The Mayor's National Summit on Racial Inclusion
THE MAYOR’s NATIONAL SUMMIT on RACIAL INCLUSION
Thursday, September 17, 2015,.
Canadian Museum for Human Rights
Thank you, Dr. Young.
Welcome Elders, Premier Selinger, Ms. honoured guests, presenters, and participants:
Welcome, everyone, to the heart of Winnipeg, on Treaty one land, and the traditional homeland of the Métis Nation…to the ONE National Summit on Racial Inclusion. . .
I ask that our Elders from our Indigenous community joining us today offer us their blessing and prayers as we work together in this gathering.
And I ask Winnipeggers … and indeed all Canadians from every background and community to keep us, and the task before us, in their hearts.
I would like to thank Dr. Young and the Canadian Museum for Human Rights for being our partners. . . and Premier Selinger, Minister James Allum, and the Province of Manitoba along with Chairperson Albert Lo, and Executive Director Anita Bromberg of the Canadian Race Relations Foundation for their strong and steadfast support of this endeavour.
And, of course, I extend my sincere gratitude to all of you taking part in the Summit with us at the Canadian Museum…for Human Rights, here on sacred land near the Forks … and to everyone joining us through live stream and social media…to collaborate as we seek . . . solutions …in a collective spirit of honesty and urgency and determination and hope.
“No one is born hating another person because of the colour of his skin, or his background, or his religion. People must learn to hate, and if they can learn to hate, they can be taught to love, for love comes more naturally to the human heart than its opposite.”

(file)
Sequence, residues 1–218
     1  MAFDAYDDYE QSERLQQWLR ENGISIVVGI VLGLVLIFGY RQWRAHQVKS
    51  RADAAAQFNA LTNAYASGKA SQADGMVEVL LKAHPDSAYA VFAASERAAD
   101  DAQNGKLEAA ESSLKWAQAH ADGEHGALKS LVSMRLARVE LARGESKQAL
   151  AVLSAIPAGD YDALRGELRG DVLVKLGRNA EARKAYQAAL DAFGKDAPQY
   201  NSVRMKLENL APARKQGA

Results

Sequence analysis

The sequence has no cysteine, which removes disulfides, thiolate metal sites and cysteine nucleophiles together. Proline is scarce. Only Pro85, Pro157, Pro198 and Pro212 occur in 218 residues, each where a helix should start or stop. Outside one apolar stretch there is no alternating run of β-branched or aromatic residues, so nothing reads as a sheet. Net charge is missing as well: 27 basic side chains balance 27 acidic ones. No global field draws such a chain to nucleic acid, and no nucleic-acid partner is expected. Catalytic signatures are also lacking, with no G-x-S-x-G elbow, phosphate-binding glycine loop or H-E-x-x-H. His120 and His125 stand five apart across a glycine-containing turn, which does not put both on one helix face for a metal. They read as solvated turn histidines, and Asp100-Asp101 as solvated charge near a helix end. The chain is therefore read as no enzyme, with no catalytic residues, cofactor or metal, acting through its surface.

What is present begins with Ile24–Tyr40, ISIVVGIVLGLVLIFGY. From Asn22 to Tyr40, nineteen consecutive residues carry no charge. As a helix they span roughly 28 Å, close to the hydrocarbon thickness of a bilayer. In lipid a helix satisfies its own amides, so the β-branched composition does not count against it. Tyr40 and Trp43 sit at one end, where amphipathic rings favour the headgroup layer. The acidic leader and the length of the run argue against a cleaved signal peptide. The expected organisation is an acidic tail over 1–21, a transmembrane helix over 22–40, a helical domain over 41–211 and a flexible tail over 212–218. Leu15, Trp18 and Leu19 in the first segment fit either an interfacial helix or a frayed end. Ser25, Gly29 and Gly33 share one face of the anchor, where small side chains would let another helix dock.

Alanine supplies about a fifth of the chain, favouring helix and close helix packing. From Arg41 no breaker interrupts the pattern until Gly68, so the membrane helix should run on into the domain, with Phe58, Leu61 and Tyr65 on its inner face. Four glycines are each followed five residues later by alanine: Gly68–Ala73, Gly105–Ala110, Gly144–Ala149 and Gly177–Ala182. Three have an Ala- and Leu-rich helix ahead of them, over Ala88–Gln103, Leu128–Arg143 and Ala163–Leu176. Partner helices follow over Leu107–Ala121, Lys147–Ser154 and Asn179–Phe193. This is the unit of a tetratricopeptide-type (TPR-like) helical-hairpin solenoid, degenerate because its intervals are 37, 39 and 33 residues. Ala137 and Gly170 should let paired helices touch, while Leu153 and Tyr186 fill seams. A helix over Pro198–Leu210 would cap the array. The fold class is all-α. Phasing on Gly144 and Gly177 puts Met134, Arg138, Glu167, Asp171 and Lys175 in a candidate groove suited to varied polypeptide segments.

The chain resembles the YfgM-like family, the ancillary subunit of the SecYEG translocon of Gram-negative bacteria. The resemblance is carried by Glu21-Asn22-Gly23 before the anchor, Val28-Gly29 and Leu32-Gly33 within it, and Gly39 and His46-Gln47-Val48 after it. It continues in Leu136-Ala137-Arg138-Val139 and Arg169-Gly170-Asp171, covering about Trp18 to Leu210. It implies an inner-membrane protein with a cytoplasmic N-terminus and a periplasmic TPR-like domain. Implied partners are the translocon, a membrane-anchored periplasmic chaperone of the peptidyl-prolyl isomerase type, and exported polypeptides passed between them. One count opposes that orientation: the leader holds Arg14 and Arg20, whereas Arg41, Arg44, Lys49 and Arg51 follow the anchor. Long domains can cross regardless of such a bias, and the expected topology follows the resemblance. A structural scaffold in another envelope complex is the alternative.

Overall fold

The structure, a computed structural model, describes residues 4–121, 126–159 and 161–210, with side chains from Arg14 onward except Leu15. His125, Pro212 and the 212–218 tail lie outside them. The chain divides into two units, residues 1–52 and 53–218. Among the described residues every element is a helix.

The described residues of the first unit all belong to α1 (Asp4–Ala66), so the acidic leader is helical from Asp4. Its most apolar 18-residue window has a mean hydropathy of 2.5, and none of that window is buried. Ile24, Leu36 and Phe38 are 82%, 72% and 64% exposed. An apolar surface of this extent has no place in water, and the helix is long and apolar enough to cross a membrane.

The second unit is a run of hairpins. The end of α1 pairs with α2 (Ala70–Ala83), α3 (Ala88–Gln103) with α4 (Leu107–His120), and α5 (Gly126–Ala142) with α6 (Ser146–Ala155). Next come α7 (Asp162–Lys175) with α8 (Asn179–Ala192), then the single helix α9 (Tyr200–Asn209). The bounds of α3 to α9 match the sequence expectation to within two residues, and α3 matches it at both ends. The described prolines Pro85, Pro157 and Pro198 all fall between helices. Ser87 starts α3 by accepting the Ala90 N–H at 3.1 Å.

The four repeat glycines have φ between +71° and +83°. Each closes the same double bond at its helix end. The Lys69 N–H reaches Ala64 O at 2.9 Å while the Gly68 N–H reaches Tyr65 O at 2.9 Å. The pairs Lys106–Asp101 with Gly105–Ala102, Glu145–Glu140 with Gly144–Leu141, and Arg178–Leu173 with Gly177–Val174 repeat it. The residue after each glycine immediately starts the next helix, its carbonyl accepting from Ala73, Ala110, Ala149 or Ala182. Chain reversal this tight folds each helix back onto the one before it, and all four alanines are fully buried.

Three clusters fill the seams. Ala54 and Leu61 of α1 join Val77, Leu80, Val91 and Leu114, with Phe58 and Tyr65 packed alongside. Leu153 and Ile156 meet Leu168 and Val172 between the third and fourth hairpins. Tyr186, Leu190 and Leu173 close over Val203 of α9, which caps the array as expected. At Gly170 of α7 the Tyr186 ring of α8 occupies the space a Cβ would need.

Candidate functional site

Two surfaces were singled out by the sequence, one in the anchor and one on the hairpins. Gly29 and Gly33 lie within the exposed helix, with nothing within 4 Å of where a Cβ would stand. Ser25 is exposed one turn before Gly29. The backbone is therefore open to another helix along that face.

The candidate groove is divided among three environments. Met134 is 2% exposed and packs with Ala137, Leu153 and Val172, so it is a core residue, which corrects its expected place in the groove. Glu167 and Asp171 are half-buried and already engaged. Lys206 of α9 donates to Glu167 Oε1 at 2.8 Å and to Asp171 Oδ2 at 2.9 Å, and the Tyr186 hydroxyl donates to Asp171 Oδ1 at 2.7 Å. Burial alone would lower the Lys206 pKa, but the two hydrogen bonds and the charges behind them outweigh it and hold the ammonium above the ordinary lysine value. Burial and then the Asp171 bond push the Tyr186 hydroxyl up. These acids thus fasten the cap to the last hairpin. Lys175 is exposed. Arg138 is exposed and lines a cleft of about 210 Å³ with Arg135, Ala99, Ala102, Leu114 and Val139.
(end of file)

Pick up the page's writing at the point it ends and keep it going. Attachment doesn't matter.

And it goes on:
Those words were spoken by Nelson Mandella.
Their meaning resonates with hope ... but not without heartache…having to learn to love …when it’s something we are born to give and receive.
And with those words in mind, I want to begin by reminding everyone why we are here:
On January 22nd of this year, Maclean’s published an article labelling Winnipeg…the Canadian city renowned for our generosity and compassion…… as “the Most Racist City in Canada”.
Later the same day, in an act of unity, this community, came together to admit to a difficult problem that none of us are proud of. ...and when we could have split as a community divided…… and blamed or excused…Winnipeg chose the courageous path of truth in an ugly and shameful moment. I believe THIS to be one of our most important endeavours in Canadatoday:facing painful truths; changing old attitudes; and embracing the people… and the practices that are helping bring about change now. . . and developing and sharing new ideas to make Canada truly inclusive...
This is the hard work we must do, to ensure dignity and opportunity for every person in this country and to reclaim our highest aspirations as a nation.
We began the difficult task to face the painful truth and we committed, in unity, to work toward a solution. I was, along with so many others, so deeply proud of my City that day.
And today, as I look around this room, I remain proud to see just how important this endeavour is to so many people. I believe that, how we responded, with honesty and humility, speaks to the integrity of our collective character. And let us remain proud…but let us also tread mindfully.